The bad news (not news to most): Many wild species are under severe duress.
The good news (total news to most): “Nature is thriving in an age of extinction.”
Ecologist and evolutionary biologist Chris Thomas has examined a little-noticed phenomenon around the world, that as an unintentional byproduct of massive human impact, “biodiversity is increasing in pretty much every region of the world”. Evolution has sped up. Wild populations are on the move, sometimes in response to climate change, often hitch-hiking on us. Hybridization is rampant, leading at times to whole new species. The Anthropocene, evidently, is a mass speciation event.
An ardent conservationist, Thomas makes the case that conservation efforts are far more effective when we acknowledge—and study— what nature is really up to, and work with it.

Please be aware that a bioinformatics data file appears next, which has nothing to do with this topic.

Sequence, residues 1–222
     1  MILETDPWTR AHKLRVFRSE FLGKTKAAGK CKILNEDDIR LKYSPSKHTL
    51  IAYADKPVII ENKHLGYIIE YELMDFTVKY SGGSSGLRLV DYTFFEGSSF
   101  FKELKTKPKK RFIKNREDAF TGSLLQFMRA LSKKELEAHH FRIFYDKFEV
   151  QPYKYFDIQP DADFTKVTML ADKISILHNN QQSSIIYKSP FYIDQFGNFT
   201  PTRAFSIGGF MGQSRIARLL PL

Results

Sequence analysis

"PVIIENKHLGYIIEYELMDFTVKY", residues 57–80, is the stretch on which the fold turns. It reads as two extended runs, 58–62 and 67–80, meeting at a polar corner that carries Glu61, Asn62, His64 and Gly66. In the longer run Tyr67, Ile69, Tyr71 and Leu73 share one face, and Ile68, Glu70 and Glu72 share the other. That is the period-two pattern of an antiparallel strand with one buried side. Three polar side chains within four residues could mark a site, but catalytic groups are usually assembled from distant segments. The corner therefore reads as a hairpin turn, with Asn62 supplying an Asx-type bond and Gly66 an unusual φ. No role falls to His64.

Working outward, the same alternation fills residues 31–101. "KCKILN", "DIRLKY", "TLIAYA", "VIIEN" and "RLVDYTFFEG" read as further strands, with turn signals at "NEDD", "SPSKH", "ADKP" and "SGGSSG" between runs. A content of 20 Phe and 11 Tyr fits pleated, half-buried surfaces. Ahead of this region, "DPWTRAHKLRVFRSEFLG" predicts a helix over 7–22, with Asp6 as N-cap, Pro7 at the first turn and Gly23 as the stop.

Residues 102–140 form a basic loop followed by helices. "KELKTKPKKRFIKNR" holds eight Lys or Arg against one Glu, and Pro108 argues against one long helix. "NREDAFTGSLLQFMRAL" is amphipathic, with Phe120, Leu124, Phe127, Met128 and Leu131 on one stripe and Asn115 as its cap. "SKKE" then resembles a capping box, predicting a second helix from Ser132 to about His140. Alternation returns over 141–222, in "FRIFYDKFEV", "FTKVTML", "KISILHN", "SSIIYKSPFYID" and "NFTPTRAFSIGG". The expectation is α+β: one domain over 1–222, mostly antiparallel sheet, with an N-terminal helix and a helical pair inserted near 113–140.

Chris Thomas is a professor in the Department of Biology at the University of York in England and author of “Inheritors of the Earth: How Nature Is Thriving in an Age of Extinction” (02017).
“Are We Initiating The Great Anthropocene Speciation Event?” was given on June 19, 02018 as part of Long Now’s Seminar series. The series was started in 02003 to build a compelling body of ideas about long-term thinking from some of the world’s leading thinkers. The Seminars take place in San Francisco and are curated and hosted by Stewart Brand. To follow the talks, you can:
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